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The secret anti-gay history of the U.S. postal service
The recent addition of Harvey Milk to USPS stamps was a sign of change in more ways than one.
There were many signs of change at the recent ceremony in the Old Executive Office building to roll out the new forever stamp honoring Harvey Milk. Anne Kronenberg, who served as Milk’s campaign manager when he ran for the San Francisco Board of Supervisors in the 1970s, remembered that their campaign was so underfunded that they didn’t even have money for postage stamps.
Milk was one of the first openly gay elected officials in the U.S., but this week there were dozens of openly gay mayors, state representatives, several members of Congress, and U.S. Senator Tammy Baldwin in attendance. The sitting president is an unprecedented gay rights supporter who has delivered on many of his promises to the community.
But as I watched I thought of another, overlooked sign of change.
Here was the U.S. Postal Service honoring a gay movement leader, when 50 years ago this agency’s predecessor, the U.S. Post Office, was actively working to suppress that movement. Though largely forgotten today, through most of the 20th Century, the Post Office employed thousands of postal inspectors to enforce the Comstock Act, which prohibited sending material deemed “obscene” through the U.S. mail.
Even as the Supreme Court liberalized definitions of obscenity, the Post Office fought back with periodic public campaigns against the dangers of “smut” allegedly invading American homes. Gay commercial and social networks were some of the agency’s prime targets.
In 1953, the Post Office declared ONE magazine, the first widely distributed gay news and features outlet, unmailable. The editors of ONE fought back, taking their case all the way to the Supreme Court, which ruled in 1958 that mere discussions of homosexuality did not constitute obscenity, paving the way for today’s LGBT print media.
The Post Office also sought to suppress the even more popular physique magazines, which connected gay men throughout the nation by offering the first widely available homoerotic imagery. Bob Mizer, the publisher of Physique Pictorial, was one of many who went to prison for marketing coy pictures of men in posing straps to gay men.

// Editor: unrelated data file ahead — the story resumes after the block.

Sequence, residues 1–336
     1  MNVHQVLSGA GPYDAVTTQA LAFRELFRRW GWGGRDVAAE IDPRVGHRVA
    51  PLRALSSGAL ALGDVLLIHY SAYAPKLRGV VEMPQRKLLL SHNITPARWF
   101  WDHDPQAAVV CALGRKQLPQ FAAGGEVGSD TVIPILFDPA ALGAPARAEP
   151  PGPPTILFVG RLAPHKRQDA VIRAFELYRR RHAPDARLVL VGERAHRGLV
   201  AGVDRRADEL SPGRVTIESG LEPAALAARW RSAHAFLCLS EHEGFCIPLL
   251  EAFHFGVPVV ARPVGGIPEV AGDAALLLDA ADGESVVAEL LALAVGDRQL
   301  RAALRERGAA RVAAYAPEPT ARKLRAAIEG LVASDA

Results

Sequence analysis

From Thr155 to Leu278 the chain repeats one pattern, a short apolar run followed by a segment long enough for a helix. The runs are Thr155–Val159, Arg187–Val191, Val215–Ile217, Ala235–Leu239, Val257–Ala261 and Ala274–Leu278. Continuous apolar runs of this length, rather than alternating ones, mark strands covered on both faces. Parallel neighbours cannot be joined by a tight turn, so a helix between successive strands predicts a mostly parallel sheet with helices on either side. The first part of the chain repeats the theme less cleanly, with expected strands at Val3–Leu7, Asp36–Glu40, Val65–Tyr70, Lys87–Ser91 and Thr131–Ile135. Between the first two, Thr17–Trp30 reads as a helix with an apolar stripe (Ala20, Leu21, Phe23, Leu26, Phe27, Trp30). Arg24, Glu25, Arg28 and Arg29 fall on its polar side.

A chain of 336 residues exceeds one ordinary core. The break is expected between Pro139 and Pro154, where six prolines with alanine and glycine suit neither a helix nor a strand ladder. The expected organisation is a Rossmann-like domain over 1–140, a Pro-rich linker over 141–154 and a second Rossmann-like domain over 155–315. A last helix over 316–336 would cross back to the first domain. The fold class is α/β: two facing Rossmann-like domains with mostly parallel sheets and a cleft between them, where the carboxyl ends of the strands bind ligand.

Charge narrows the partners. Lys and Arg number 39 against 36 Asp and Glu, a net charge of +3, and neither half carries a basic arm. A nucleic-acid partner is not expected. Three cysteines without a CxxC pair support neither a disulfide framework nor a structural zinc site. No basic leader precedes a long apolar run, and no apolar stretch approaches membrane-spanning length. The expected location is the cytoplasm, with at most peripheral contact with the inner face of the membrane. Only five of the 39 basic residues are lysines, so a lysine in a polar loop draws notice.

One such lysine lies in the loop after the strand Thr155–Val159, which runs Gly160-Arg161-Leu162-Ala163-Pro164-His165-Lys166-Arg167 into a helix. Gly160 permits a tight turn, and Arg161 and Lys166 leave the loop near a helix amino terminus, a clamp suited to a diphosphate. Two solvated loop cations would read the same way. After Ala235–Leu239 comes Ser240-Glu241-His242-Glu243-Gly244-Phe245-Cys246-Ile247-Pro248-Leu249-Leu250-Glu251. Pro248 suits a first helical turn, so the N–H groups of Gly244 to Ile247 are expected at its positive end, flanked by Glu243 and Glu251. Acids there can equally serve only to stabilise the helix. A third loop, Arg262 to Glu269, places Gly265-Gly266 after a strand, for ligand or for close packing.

The Post Office’s relentless campaign intensified in the 1960s, when Postmaster Arthur Summerfield announced an intensive investigation by postal inspectors had uncovered “one of the most vicious, filthy, and widespread” pornography rings. They had uncovered a 750-member pen pal club of gay men who subscribed to a muscle magazine available on every newsstand in America.
Of the 50 members indicted, two attempted suicide. Caught up in the dragnet, teachers in Illinois, Maine and Michigan were suspended. Gay men cancelled subscriptions and self-censored their correspondence.
As part of their surveillance efforts, postal inspectors infiltrated mailing lists under assumed “test names” and then worked with local police to conduct sting operations on unsuspecting subscribers. In other cases, they made “educational visits” to subscribers or their employers. Postal inspectors threatened a Yale undergraduate who received photographs in plain brown envelopes from the “Athletic Model Guild” with criminal indictment if he did not confess to his parents and seek counseling.
The words and photos that postal inspectors objected to would hardly raise an eyebrow today. They were no more racy or revealing then those of similar heterosexual correspondence or imagery.
But like many public officials of the day, they felt that open discussions of homosexual activity or displays of male frontal nudity “promoted homosexuality” in American society and thus merited suppression. And in way they were right—these early commercial and publishing efforts allowed the LGBT community to find itself and connect for the first time on a national scale.
Although the Post Office lost most of its obscenity cases in the courts, it continued to bring lawsuits that bankrupted many burgeoning gay magazines and mail-order businesses. It spent millions of tax payer dollars investigating and prosecuting alleged offenders of it’s own particular notion of “obscenity.” It’s extra-legal tactics of harassment and intimidation cost innumerable jobs. It kept people in the closet.
How far we have come that an agency formerly engaged in a campaign to suppress the gay movement now honors one of its leaders with a stamp. As we celebrate Harvey Milk, let us also remember the unsung victims of the Post Office’s long-fought war on obscenity.
David K. Johnson is the author of The Lavender Scare: The Cold War Persecution of Gays and Lesbians, teaches at the University of South Florida. This article was originally featured on the Huffington Post and was reposted with permission.